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Structure fire in Lorain fully engulfs home (UPDATED, VIDEO)

  • Lorain-fire-jpg-1

    Firefighters battle a blaze on Dallas Avenue in Lorain on Wednesday.

    BRUCE BISHOP / CHRONICLE

  • Dallas-Avenue-fire

    An aerial photo of a Wednesday house fire on Dallas Avenue in Lorain where the smoke can be seen from Vermilion.

    BRUCE BISHOP/CHRONICLE

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LORAIN — A fire destroyed a home on Dallas Avenue on the Fourth of July as firefighters battled it while contending with a high heat index and low hydrant pressure.

Lorain Assistant Fire Chief Roy Cochran said the house was engulfed when fire crews got there about 5 p.m. About 6:30 p.m., he said he did not know what would have caused the fire to spread so quickly.

 

Neighbor David Collins said he was getting ready to leave his house when he smelled smoke.

“But it didn’t smell like barbecue, which is something I would’ve expected today,” he said. “I went through and made sure it wasn’t our house — not our grill or anything like that — and when I was walking on the driveway side of the house I could see the smoke.”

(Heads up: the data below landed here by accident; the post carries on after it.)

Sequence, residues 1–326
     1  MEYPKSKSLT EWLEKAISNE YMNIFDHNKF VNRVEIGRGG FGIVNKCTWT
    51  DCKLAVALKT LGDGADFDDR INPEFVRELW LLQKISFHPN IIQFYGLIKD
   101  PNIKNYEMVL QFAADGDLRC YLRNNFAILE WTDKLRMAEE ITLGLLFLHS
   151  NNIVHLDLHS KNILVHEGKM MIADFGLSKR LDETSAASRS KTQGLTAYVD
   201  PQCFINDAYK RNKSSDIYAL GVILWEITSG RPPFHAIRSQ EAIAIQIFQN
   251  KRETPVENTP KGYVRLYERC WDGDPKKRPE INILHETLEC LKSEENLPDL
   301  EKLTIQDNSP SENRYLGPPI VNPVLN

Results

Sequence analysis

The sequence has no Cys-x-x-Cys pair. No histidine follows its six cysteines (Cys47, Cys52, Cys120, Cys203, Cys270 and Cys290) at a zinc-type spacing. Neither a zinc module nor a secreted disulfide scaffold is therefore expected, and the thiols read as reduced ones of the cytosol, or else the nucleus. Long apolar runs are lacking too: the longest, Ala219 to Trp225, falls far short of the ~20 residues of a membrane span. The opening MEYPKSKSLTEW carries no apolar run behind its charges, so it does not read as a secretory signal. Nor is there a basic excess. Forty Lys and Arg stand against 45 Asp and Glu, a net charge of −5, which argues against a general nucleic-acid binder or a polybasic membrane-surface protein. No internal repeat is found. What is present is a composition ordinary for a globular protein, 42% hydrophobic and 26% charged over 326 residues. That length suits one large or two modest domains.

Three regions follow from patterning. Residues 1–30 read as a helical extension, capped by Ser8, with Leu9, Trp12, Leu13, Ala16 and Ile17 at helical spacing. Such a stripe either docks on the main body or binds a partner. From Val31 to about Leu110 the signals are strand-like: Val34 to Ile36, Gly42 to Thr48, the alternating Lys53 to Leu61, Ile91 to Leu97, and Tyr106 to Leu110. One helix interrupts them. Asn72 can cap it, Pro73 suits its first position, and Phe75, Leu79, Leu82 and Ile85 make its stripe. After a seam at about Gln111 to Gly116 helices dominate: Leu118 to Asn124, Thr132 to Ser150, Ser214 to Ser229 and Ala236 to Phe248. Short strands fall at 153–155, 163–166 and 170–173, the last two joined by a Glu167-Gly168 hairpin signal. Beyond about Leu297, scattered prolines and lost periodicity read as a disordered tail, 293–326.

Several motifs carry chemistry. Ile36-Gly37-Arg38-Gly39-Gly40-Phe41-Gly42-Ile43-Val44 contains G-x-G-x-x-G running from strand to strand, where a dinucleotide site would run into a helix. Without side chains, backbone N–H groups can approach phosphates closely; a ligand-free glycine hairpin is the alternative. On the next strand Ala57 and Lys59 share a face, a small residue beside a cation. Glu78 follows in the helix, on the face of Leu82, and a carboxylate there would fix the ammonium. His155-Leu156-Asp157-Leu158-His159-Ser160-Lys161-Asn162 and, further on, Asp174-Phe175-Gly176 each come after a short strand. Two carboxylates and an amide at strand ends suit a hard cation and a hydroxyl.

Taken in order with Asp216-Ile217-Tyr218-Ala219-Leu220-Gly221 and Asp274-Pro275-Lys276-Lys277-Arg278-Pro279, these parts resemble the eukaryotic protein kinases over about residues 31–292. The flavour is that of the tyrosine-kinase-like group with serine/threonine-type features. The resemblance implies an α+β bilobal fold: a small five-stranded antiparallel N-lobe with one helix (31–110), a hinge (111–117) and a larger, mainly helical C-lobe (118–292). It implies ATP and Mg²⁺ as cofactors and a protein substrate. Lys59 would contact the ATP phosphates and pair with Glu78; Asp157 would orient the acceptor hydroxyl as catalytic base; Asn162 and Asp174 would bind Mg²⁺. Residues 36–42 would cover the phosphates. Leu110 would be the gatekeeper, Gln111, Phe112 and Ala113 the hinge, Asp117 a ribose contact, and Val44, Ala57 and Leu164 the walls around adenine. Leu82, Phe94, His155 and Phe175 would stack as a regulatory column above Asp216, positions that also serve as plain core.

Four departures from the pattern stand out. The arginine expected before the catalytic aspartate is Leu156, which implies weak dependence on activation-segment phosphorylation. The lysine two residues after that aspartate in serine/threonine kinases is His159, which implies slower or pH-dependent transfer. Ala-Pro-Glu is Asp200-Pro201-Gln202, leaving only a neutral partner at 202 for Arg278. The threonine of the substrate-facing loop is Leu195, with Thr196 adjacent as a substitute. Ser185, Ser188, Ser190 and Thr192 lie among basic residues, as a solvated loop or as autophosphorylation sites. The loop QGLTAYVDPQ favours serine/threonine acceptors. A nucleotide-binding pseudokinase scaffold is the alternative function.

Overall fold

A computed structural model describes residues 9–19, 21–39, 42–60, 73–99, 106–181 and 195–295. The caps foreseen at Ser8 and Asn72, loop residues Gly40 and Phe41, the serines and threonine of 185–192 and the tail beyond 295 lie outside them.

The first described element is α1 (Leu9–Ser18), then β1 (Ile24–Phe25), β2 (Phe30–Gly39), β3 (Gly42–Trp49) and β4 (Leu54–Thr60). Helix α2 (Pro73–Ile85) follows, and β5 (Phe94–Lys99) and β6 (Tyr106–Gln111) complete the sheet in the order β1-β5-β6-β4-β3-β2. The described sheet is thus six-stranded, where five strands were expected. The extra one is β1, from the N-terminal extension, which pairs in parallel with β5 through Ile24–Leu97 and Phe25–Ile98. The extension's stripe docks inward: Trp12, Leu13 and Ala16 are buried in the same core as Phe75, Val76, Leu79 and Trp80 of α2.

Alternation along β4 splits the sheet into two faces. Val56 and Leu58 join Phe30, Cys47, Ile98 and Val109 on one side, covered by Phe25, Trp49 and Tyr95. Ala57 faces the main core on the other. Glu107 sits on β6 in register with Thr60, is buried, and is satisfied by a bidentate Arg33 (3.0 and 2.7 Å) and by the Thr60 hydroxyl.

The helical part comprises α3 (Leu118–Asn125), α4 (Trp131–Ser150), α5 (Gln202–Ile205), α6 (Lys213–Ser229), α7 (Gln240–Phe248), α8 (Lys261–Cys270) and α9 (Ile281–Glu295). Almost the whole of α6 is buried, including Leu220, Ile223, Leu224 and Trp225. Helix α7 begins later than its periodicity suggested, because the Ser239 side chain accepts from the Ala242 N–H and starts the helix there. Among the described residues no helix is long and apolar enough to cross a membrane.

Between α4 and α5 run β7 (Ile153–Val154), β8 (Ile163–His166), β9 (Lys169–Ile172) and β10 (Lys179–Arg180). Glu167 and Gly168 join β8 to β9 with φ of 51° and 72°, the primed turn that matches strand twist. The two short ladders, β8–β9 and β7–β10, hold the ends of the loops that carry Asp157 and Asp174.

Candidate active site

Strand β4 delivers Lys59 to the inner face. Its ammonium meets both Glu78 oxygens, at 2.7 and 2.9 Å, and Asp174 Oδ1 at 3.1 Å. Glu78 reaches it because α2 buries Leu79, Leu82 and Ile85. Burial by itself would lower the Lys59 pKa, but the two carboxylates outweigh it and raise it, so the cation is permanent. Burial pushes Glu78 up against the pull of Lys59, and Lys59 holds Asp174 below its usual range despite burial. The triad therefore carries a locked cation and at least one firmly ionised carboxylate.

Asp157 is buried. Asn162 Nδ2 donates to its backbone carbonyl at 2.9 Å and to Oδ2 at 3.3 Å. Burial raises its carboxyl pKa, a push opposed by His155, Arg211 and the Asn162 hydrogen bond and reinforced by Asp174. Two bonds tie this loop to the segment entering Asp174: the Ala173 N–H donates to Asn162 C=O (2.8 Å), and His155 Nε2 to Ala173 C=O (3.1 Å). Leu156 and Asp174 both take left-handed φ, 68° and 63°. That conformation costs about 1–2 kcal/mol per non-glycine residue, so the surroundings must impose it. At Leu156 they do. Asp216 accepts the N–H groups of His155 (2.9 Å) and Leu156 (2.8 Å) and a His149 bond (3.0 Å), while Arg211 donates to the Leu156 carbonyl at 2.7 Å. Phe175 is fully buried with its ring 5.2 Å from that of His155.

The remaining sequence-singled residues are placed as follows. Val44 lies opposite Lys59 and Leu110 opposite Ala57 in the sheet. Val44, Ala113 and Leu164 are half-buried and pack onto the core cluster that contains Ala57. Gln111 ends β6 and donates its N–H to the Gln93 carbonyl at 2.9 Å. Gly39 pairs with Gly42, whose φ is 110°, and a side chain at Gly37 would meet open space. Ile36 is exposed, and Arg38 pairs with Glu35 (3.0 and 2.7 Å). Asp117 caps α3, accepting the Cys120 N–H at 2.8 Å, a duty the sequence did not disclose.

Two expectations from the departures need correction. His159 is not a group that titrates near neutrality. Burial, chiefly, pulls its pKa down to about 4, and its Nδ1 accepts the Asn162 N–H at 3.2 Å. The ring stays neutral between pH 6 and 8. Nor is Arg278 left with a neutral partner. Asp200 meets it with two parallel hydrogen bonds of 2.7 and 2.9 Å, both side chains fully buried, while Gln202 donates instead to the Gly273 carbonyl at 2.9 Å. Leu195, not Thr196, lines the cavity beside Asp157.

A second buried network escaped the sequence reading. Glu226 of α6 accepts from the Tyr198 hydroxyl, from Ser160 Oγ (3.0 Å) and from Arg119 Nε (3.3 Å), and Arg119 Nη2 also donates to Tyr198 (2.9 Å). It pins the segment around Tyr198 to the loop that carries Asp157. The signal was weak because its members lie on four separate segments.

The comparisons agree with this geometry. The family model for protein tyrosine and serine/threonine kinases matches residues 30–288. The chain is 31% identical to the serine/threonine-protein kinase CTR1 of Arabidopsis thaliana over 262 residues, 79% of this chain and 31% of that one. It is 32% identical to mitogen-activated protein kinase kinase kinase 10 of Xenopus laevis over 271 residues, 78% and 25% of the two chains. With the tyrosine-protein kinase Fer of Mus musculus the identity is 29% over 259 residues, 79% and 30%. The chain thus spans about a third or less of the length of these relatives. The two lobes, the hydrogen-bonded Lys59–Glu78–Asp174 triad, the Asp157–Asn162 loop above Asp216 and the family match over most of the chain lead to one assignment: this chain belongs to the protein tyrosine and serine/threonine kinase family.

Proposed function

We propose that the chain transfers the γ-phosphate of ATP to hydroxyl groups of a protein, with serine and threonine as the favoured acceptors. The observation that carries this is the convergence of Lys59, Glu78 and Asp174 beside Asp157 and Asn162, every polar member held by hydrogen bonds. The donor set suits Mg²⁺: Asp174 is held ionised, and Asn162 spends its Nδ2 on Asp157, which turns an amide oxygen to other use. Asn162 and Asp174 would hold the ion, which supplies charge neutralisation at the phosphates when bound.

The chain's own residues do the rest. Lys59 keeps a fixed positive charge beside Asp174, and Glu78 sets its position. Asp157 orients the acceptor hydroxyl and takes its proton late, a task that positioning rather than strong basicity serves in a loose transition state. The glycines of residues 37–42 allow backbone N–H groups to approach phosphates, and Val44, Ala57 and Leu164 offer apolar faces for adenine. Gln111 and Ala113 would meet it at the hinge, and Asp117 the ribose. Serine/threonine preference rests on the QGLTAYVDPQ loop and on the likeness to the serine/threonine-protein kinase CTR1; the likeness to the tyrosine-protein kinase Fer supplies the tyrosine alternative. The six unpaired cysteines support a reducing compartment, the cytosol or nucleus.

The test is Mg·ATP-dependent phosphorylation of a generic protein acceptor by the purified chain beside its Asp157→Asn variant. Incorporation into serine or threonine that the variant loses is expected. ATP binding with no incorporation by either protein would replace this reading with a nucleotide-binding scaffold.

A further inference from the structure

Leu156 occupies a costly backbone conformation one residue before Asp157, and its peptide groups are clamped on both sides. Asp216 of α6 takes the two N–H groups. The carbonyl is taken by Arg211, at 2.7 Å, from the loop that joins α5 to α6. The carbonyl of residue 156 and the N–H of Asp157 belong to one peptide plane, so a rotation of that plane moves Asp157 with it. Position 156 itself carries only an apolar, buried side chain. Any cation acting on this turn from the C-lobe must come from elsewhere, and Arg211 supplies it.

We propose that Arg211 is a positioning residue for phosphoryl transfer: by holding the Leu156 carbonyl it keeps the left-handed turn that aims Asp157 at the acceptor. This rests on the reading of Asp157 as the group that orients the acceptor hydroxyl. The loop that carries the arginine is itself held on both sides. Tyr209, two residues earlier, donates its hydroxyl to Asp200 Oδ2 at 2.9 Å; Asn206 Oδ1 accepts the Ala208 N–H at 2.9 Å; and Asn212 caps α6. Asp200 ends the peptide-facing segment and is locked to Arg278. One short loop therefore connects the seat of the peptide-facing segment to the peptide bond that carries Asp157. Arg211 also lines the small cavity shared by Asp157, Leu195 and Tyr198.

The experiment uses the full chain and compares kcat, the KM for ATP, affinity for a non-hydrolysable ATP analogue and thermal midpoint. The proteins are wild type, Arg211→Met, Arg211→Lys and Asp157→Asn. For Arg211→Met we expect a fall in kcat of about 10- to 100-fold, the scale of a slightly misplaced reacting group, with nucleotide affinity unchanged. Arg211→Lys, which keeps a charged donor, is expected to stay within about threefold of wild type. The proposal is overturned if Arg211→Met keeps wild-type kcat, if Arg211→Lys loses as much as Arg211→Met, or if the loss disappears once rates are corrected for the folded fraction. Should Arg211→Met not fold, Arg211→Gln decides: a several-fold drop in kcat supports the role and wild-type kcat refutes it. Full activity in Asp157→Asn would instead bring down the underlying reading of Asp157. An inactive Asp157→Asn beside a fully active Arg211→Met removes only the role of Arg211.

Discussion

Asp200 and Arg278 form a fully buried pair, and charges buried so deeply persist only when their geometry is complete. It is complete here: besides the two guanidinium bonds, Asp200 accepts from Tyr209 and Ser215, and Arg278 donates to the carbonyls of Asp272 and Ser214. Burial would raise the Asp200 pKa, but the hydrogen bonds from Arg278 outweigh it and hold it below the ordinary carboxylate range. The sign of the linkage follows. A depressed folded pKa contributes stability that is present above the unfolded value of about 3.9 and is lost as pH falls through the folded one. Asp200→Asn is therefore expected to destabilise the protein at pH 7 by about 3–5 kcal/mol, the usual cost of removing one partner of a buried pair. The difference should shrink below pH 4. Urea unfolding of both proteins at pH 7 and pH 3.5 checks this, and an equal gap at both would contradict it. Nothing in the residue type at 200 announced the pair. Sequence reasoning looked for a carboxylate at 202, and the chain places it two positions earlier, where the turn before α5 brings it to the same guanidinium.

Collins said at first, he thought it could have been related to fireworks because of people having renegade Fourth of July celebrations, but he knew his neighbors weren’t home at the time of the fire, so he ultimately didn’t think it was because of pyrotechnics.

Cochran said the department was told no one was home at 3736 Dallas Ave. when the fire started, but the structure was too hot and too far gone for firefighters to search upon arriving.

He also said crews faced two major barriers while fighting the fire — a lack of hydrant pressure and the heat index.

“When we got here we had the aerial unit and the tower truck hooked up to fire hydrants on the street,” he said. “But the hydrants on this street are poor and we were basically sucking everything dry by using both. We had to bring in the county water shuttle and the tower truck used that while the aerial unit used the hydrant, but it slowed us down.”

Cochran said when the department has a large fire like this, typically crews are rotated out, so people can get breaks and don’t get overheated — but even with four crews on scene, it wasn’t easy.

“You figure it’s 90 degrees out now and with the heat index it’s 105 or 106,” he said. “That makes things a whole lot worse for my guys. I have one guy who is getting checked out by LifeCare for potential heat stroke.”

Cochran said because the house caved in on itself, a truck from the Street Department was going to need to be brought in to move the debris in order for the Fire Department to effectively finish fighting the fire.

At 10:45 p.m., firefighters were still on scene.

According to the Lorain County Auditor’s website, the house was valued at $32,470.

Contact Katie Nix at 329-7129 or knix@chroniclet.com. Find her on Facebook and Twitter @KatieHNix.

 



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